Massachusetts Voters Sign in Droves to Get Anti-Confinement Measure Closer to Ballot

By on December 2, 2015 with 5 Comments

The movement to end the era of intensive confinement of animals in agriculture is flourishing through so many channels. Earlier today, I announced that Michael Foods has become the latest major producer to see that the future is cage-free. In recent months, The HSUS has also made a dozen major announcements with major food retailers, from McDonald’s to Starbucks to Panera Bread to Taco Bell, all pledging to go cage free. Now, I am happy to announce yet another critical milestone in our public policy efforts to challenge factory farming.

This afternoon, the Citizens for Farm Animal Protection coalition turned in more than 133,000 signatures to the Secretary of the Commonwealth of Massachusetts. This moves the Prevention of Farm Animal Cruelty Act a giant leap closer to the 2016 ballot in the Bay State. The measure would prohibit the confinement of egg-laying hens, pigs used for breeding, and calves raised for veal in cages or crates so small that they’re rendered virtually immobile. It would also require that eggs, pork, and veal sold in Massachusetts meet this same modest standard.

Gathering so many signatures in a short 66 days is a very rare feat, and it happened thanks to the spadework and footwork of more than a thousand volunteers. Compassionate advocates took time off work or spent their weekends collecting signatures in their communities, where they were greeted by voters enthusiastic to prevent cruelty to farm animals. I celebrate their spirit of determination and volunteerism.

This coalition is bolstered by an array of organizations, including The HSUS, the MSPCA, the ASPCA, Animal Rescue League of Boston, Zoo New England, Berkshire Humane Society, Farm Sanctuary, Compassion in World Farming, The Humane League, Animal Equality, Compassion Over Killing, Mercy for Animals, and others. There are plenty of other endorsers not part of the established animal welfare community, including the United Farm Workers, the Center for Food Safety, Real Food Challenge, and hundreds of Massachusetts veterinarians, religious leaders, and more than 100 family farmers. Their voices are critical in the broader effort to remind Massachusetts voters that this measure is in the best interest of not only animals but of public health, the environment, workers, and the agricultural sector.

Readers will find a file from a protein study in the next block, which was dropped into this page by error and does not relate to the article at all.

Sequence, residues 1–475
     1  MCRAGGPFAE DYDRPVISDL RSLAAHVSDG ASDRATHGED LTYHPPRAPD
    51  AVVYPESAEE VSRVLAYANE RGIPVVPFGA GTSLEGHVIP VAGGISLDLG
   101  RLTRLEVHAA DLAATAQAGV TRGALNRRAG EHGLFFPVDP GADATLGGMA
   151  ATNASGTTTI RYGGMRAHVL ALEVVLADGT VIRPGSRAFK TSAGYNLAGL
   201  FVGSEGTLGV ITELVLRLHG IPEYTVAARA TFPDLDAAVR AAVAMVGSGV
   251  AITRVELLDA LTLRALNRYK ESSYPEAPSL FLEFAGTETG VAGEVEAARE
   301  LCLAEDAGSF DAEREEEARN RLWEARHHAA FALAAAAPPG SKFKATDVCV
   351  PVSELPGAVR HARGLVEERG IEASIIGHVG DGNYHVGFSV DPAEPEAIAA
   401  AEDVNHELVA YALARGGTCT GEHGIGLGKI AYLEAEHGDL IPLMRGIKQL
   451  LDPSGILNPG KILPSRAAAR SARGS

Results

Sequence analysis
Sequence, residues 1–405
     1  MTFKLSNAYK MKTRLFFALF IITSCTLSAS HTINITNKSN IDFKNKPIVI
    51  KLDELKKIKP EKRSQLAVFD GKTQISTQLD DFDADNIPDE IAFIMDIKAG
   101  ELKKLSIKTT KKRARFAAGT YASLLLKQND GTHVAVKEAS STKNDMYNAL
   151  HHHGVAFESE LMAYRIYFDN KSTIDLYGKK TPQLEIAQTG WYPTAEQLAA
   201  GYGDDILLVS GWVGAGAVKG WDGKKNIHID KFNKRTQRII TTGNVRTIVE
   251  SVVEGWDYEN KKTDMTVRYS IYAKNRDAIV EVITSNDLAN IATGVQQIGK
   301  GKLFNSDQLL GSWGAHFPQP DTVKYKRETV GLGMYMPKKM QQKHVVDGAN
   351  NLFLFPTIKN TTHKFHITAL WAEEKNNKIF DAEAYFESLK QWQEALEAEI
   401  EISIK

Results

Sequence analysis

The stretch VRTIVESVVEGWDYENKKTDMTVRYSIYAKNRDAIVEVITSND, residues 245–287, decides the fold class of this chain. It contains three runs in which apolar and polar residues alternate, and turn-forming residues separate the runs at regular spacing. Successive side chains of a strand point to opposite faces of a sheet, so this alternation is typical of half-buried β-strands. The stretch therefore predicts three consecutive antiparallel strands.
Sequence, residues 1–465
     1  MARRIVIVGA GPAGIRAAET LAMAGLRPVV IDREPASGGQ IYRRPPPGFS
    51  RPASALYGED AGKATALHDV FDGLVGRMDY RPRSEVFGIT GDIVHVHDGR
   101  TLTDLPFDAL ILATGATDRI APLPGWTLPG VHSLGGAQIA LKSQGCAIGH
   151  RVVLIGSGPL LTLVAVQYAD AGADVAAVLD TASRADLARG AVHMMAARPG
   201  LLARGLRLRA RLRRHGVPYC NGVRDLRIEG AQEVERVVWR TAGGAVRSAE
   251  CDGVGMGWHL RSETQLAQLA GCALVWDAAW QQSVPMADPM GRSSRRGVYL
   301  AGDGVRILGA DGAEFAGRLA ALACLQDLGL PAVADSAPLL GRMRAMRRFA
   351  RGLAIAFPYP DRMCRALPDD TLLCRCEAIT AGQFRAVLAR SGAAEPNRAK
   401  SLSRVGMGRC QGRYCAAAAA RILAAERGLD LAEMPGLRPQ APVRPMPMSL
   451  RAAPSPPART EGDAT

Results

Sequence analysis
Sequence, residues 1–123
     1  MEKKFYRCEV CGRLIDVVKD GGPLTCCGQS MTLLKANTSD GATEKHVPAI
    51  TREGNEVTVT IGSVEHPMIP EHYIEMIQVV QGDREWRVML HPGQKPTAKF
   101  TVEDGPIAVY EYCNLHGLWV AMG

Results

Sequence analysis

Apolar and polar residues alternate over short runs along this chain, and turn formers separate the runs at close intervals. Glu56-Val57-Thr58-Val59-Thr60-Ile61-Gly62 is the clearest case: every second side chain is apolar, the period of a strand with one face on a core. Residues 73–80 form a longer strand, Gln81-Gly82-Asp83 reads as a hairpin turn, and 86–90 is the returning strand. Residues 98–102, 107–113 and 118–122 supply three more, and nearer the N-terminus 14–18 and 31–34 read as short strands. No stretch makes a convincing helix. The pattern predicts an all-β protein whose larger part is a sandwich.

There’s still a long way to go and I hope you’ll join us in this groundbreaking campaign. But first, take a moment to savor this clearing of a critical milestone. The success of this campaign will provide a shield to millions of farm animals, if approved. One thing is for sure: if we win, it will hasten the demise of the extreme confinement of farm animals in the United States.

Categories
Farm Animals, Humane Economy, Public Policy (Legal/Legislative)

Subscribe to the Blog

Enter your email address below to receive updates each time we publish new content.

5 Comments

Trackback URL | Comments RSS Feed

Sites That Link to This Post

  1. Dunkin Donuts will switch to cage-free eggs | May 1, 2016
  1. Jo Ardell says:

    No Animal should be enslaved and denied freedom to move. It is cruel. How would any human feel if they were in this same plight? Stop eating animals. Stop wearing animals. Ban gestation crates forever!

  2. Michelle Kaufman says:

    Years ago I collected signatures on a petition to ban gestation crates for pigs in Florida. I found that 99% of the people I approached approved of that ban, eagerly signed the petition and it is now part of the Florida Constitution.
    ?Keep going!!!

  3. Tonya Gingerich says:

    this type of cruelty has to end, we as a civilized society should do better

  4. eusebio manuel vestias pecurto says:

    I love cause of animal love from europe

Share a Comment

The HSUS encourages open discussion, and we invite you to share your opinion on our issues. By participating on this page, you are agreeing to our commenting policy.
Please enter your name and email address below before commenting. Your email address will not be published.

Top